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Crucial time to seize the day on Donaldson

It's all aboard and full speed ahead, as our cover says, with the implementation of recommendations in the Donaldson report on teacher education - finally. Though perhaps that requires some modifying.

Teaching Scotland's Future and the National Partnership Group's report on how to take it forward will have a major impact on every teacher's career, from students applying for teacher training to headteachers at the height of their powers (News Focus, pages 12-15).

Some will hate what these reports represent - an unstoppable force driving professional development onwards and upwards, whether they like it or not - and there will be those of a certain age who just want out. Others will welcome the new framework which could help them forge a successful career and - let's not forget it - improve the chances of children in the classroom.

From one to 50, the partnership group lists the Scottish government's response to each of Graham Donaldson's recommendations (acceptaccept in principleaccept in part) and progress on each item. Clearly, things have advanced since the review was published almost two years ago, judging by that and the inspectors' review of developments across the country.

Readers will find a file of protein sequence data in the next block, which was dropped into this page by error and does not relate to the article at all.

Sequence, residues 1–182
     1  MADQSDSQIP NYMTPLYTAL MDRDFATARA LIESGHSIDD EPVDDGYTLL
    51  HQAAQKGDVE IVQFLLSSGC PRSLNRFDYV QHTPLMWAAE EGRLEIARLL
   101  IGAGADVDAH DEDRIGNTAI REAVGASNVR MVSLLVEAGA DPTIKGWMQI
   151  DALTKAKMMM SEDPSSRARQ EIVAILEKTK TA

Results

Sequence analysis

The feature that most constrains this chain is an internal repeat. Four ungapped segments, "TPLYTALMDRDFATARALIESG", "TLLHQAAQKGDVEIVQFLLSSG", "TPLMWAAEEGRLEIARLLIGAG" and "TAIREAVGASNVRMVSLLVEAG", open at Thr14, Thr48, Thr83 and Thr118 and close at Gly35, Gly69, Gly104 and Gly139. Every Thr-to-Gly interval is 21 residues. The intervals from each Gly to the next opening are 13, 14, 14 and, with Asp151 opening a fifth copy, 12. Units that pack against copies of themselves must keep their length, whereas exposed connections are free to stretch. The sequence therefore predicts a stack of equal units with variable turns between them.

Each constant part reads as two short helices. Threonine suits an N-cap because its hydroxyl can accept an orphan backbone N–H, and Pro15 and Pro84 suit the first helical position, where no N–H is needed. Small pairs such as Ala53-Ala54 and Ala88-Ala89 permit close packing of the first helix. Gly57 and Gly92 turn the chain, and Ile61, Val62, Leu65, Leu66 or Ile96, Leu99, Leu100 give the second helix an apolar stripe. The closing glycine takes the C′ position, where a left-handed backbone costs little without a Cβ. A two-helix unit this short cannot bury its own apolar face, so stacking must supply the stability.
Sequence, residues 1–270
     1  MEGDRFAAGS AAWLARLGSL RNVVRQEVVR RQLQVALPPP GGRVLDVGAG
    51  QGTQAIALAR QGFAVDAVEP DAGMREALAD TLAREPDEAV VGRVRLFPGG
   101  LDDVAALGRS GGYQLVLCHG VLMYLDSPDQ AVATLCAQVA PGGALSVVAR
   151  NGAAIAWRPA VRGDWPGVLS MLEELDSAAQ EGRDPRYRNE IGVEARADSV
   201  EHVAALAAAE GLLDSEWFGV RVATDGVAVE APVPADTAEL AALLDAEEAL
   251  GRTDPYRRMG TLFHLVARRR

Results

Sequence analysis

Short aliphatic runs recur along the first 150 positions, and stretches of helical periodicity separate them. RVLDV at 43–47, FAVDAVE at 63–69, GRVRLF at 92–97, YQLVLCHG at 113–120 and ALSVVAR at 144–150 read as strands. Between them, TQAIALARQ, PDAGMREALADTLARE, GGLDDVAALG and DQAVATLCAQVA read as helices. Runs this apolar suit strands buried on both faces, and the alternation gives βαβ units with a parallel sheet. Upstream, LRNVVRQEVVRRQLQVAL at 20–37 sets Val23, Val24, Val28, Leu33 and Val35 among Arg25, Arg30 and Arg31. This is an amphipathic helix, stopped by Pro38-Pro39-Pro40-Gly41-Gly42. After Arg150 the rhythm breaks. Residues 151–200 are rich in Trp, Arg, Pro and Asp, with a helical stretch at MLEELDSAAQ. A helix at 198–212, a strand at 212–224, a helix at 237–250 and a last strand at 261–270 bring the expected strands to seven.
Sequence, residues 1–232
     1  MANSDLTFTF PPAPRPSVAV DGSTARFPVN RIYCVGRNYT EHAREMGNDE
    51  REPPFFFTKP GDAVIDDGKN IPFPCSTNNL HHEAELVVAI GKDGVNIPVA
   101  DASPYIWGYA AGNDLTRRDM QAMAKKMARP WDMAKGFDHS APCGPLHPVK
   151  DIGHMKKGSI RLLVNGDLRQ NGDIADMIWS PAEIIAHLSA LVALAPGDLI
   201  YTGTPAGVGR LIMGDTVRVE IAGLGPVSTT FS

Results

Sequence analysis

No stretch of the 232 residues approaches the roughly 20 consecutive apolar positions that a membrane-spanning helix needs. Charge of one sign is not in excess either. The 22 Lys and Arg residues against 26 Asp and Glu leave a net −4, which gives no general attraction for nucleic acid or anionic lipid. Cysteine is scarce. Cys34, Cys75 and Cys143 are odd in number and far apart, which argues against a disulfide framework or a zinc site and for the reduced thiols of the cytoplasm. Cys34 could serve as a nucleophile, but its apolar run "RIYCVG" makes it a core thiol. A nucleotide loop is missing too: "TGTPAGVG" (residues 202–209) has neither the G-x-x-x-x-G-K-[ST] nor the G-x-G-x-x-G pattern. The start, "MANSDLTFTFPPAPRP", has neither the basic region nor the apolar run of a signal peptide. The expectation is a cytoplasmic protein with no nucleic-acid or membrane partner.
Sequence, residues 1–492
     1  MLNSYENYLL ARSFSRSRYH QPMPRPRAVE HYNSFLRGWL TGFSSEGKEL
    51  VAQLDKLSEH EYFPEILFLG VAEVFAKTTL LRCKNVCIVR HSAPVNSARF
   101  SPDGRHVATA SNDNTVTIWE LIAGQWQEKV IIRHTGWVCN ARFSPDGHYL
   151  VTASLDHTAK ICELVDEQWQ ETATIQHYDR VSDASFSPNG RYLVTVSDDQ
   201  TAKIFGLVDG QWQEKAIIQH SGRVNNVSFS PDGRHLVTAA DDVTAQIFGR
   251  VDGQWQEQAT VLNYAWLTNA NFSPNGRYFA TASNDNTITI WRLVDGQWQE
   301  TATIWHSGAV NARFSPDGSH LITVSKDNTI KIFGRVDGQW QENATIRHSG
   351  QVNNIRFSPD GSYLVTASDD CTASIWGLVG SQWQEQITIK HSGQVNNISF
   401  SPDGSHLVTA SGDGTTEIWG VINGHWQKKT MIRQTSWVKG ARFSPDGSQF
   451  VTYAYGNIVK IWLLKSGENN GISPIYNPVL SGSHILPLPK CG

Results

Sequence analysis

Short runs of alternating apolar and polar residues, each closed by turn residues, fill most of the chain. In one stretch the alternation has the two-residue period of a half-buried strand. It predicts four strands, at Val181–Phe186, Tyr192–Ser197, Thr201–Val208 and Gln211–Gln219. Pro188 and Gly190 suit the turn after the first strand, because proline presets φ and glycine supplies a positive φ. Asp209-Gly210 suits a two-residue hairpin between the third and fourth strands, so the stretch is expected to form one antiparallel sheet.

It is impressive to see how carefully attempts are being made to synchronise the recommendations and the standards for practice being developed by the General Teaching Council for Scotland, and to support them all with online materials from Education Scotland. This is a tight budget and a tight schedule.

It is impressive, too, to see how the different partners in the group have had their say - universities, education authorities, inspectors, headteachers, Education Scotland, GTCS... But therein lies its weakness.

For all the collaboration, some of the best that was in Donaldson is at risk of being diluted and lost. With so many partners, there is an ineluctable sense that certain ones may also be defending their own positions, and with them the status quo.

So some of the more ambitious ideas such as hub schools - centres of excellence where large numbers of student teachers could be taught by the very best teachers and lecturers together - look set to be adapted and sit alongside more traditional models, depending on local interests. Raising the bar for entry to the profession with higher standards of literacy and numeracy - then pitching it at level 5 (Standard grade Credit or Intermediate 2) could prove a wasted opportunity. Is that really the level of literacy our teachers should have?

Many questions remain unanswered. Proposals for the early stages to be a continuous phase and for a pathway to a master's degree have been adopted. But we could miss out on a real transformation of initial teacher education if too many of the partners cling to the past and fail to seize a once-in-a-lifetime opportunity.

gillian.macdonald@tess.co.uk, editor.

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